— Queed • Henry Sydnor Harrison

... immense sums of money spent on all kinds of sport, the size and wealth of the athletic associations, the swollen salaries of baseball players, the prominence afforded to sporting events in the newspapers, the number of "world's records" made in the United States, and the tremendous excitement over inter-university football matches and international ...
— The Land of Contrasts - A Briton's View of His American Kin • James Fullarton Muirhead

... is livin' he yells, spyin' me shovelin' the deck out from under the junk. 'Best scrap I've had in years,' and just then some baseball player throwed in from centre field, catching him in the neck with a tomato. Gee! that man's an honour to the ...
— Pardners • Rex Beach

... principle of self-government. The stone lies too far from the water to enable anybody to land on it now, and it is protected from vandalism by an iron grating. The sentiment of the hour was disturbed by the advent of the members of a baseball nine, who wondered why the Pilgrims did not land on the wharf, and, while thrusting their feet through the grating in a commendable desire to touch the sacred rock, expressed a doubt whether the feet of the Pilgrims were small enough to slip through the grating and land on the ...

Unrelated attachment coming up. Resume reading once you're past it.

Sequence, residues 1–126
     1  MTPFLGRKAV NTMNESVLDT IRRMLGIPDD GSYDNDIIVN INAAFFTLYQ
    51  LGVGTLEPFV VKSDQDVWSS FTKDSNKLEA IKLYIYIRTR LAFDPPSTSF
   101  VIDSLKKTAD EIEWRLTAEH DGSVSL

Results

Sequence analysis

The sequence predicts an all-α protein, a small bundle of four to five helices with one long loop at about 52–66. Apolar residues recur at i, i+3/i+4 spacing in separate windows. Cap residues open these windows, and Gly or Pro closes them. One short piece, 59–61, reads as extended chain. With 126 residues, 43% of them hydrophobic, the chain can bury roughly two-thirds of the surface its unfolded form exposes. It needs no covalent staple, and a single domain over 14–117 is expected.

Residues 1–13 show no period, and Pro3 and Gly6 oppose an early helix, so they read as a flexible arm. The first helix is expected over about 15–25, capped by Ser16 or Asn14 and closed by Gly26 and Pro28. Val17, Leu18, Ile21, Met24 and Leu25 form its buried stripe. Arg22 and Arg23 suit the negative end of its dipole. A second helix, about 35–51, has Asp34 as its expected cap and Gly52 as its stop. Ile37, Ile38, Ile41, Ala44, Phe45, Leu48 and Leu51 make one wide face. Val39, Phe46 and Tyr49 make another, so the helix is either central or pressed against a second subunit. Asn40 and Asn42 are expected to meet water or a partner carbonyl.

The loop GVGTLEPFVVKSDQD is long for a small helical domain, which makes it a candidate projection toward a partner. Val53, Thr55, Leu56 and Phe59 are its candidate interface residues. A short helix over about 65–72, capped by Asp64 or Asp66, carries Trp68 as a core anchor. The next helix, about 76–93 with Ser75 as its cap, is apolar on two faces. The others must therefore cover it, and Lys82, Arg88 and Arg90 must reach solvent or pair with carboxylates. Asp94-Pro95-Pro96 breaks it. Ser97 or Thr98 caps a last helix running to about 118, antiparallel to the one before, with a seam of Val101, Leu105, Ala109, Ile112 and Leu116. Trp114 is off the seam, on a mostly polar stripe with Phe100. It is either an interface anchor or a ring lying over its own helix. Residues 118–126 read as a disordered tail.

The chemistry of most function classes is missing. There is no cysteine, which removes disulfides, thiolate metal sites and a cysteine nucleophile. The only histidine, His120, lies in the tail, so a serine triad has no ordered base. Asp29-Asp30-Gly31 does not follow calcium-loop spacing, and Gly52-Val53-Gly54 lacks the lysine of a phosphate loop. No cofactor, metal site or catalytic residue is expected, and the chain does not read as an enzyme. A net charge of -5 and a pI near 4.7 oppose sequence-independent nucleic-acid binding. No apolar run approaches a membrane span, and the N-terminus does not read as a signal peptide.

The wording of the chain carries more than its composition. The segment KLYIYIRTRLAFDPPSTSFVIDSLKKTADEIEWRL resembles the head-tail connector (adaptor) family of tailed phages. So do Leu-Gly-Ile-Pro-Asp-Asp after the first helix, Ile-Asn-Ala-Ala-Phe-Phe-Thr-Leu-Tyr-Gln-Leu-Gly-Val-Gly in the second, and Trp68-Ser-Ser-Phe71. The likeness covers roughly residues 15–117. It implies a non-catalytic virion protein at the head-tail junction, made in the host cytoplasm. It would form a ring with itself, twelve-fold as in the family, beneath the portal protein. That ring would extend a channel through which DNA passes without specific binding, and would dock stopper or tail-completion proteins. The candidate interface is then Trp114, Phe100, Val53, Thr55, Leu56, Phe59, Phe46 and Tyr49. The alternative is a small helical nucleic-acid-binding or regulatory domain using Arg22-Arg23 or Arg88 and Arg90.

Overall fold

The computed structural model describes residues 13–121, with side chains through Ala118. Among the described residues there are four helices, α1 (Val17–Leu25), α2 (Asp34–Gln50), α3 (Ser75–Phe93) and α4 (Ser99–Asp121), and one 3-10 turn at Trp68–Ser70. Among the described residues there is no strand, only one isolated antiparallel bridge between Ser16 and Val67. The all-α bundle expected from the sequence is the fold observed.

— Baddeck and That Sort of Thing • Charles Dudley Warner

... dandy fine feller!" asserted Cornelius. "He can play ball, reg'lar baseball! A college feller on a team showed ...
— Polly of the Hospital Staff • Emma C. Dowd

... in view of what was before us, to give the men all the amusement possible, so football and baseball were indulged in freely by officers and men. We were too well trained now to worry much about the future. In fact, although I had often preached on the text, "Sufficient unto the day is the evil thereof," I never fully acted upon the principle until I had been ...
— The Great War As I Saw It • Frederick George Scott

... failed," sighed Murray. "I was sure Malone would be good for one more free lunch after the way he talked baseball with me the last time I spent a nickel ...
— The Trimmed Lamp and Others • O Henry

... plotted to advertise the navy and encourage recruiting. In moving pictures, in the form of a story, with love interest, villain, comic relief, and thrills, it would show the life of American bluejackets afloat and ashore, at home and abroad. They would be seen at Yokohama playing baseball with Tokio University; in the courtyard of the Vatican receiving the blessing of the Pope; at Waikiki riding the breakers on a scrubbing-board; in the Philippines eating cocoanuts in the shade of the sheltering palm, and in Brooklyn in the Y.M.C.A. ...
— Somewhere in France • Richard Harding Davis

... quantities smaller than its limit of magnitude. It is also a pun on 'undertow' (a kind of fast, cold current that sometimes runs just offshore and can be dangerous to swimmers). "Well, sure, photon pressure from the stadium lights alters the path of a thrown baseball, but that effect gets lost in the underflow." Compare {epsilon}, {epsilon ...